To be totally clear, I approach all writing about art and painting as a painter who is fortunate enough to find themself in proximity to incredible talent. Rebecca Morris is a perfect example.  I don’t do well knowing that a great many people might dislike me, so I couldn’t be a critic if I tried. Also, I don’t have the guts nor the necessary lived experience to be one worth anything, anyway. Having the internet since 13 and ADHD is a recipe for DOOM, perma-fragmentation.  My hard drive mind has made the idea of history seem like an infinitely dense gossamer glitch that laughs in my face any time I try to find or create a thread. Impossibly and unconsciously tangential. There’s just too much information, too many nodes, each of which emitting too much noise. Maybe the skills to meaningfully organize it into something new and coherent just haven’t been developed yet.  Bookmarks just don’t work. People now seem to bob up and down in wreckage, probably in collective shock. A slow hand ran its forefinger up the bare spine then, the moment Facebook started letting the riff raff log on it gripped us by the scruff, and later coughed in our eyes and mouth. My goodness, it wasn’t even wearing a mask. Sometimes it really does seem like all of those linkages and relationships that created continuity and narrative and logical progressions are all in the process of or are already completely annihilated - the entropy is measured in megatons and it’s at an all time high. I bob. You bob. He, she, it, we, they all bob.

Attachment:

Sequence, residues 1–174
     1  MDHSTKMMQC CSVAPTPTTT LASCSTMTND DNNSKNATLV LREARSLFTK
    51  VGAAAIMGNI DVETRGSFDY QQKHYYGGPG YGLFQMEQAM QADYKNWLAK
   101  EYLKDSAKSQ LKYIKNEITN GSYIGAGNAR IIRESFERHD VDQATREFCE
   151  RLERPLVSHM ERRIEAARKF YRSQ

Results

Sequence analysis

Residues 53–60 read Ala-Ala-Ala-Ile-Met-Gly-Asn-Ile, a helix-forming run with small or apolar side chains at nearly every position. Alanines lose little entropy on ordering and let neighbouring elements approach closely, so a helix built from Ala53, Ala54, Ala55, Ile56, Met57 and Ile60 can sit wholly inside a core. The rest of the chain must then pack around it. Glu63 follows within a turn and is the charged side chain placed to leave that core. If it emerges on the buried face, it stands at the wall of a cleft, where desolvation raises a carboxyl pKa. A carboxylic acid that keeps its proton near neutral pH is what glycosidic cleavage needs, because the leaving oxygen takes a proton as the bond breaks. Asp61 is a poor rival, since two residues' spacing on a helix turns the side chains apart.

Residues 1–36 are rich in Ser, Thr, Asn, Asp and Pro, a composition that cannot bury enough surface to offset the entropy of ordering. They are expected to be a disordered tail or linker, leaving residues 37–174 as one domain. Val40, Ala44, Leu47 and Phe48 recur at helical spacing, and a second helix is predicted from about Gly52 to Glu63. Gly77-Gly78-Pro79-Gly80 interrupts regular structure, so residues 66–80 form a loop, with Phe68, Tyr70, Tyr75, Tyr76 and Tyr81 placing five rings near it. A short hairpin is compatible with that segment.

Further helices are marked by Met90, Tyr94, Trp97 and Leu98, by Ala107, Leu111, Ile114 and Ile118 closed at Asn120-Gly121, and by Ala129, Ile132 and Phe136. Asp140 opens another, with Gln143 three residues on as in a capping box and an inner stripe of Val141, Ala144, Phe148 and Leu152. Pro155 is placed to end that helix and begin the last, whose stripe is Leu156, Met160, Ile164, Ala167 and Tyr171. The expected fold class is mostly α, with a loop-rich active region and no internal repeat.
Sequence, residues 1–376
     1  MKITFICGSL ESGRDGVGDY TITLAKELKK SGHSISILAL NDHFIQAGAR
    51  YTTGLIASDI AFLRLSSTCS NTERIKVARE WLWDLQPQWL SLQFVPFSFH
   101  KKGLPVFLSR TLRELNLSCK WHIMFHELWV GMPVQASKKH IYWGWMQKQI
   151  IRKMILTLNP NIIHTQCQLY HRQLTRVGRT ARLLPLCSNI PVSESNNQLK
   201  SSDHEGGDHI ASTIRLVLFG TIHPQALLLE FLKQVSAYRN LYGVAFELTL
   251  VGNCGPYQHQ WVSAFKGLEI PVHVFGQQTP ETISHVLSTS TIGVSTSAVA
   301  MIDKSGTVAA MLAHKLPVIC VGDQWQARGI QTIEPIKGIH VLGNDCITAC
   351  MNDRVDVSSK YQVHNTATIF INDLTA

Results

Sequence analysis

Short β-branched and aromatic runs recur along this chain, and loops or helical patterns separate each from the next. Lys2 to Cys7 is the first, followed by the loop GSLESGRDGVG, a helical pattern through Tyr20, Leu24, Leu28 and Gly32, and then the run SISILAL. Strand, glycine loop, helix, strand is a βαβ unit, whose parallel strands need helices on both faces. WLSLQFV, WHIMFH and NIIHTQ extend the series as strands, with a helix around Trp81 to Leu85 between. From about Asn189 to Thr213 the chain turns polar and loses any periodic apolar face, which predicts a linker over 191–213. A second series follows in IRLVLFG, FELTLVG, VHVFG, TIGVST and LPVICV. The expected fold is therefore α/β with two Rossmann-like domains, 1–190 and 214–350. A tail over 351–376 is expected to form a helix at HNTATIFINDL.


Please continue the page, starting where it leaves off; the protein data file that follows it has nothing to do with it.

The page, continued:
Her work makes painting make sense…if that makes sense. Likely, it’s her clarity and decisiveness, her interest in the grid, frame, composition, color, etc. Her forms, they’re wonderfully generic. The advancement and recession of which, into the picture space, the figure/ground relationships are an awkwardly hilarious, conjugate math. Perfectly keyed, a rhetorical dance that appears when you observe and disappears when you turn away. My heartbreak echoes infinitely, then I remember, I can just look again. The real gift here, and I suppose with good painting in general, is that the image is frozen and preserved. The excavation halted at a very, extremely, specific point, somehow capturing the phenomenological bliss of just being able to look and see stuff, the rare chance to be twin sisters with yourself.


Rebecca Morris, Untitled (#03-18), 2018, Oil on Canvas; Institute of Contemporary Art, Los Angeles


Rebecca Morris was born in Hawaii and grew up in New Haven, Connecticut. She received her BA from Smith College and her MFA from The School of the Art Institute of Chicago. She has been living and working in Los Angeles for nearly 25 years and teaches at UCLA. The ICA LA was founded in 1984, originally as the Santa Monica Museum of Art (SMMoA). In 2017 the ICA LA found a new home and identity in Downtown Los Angeles where it continues its commitment to showing relevant and innovative contemporary art. Consider showing your support by donating to ICA LA. For more information about their mission, programming and other ways to get involved, please visit: http://www.icala.org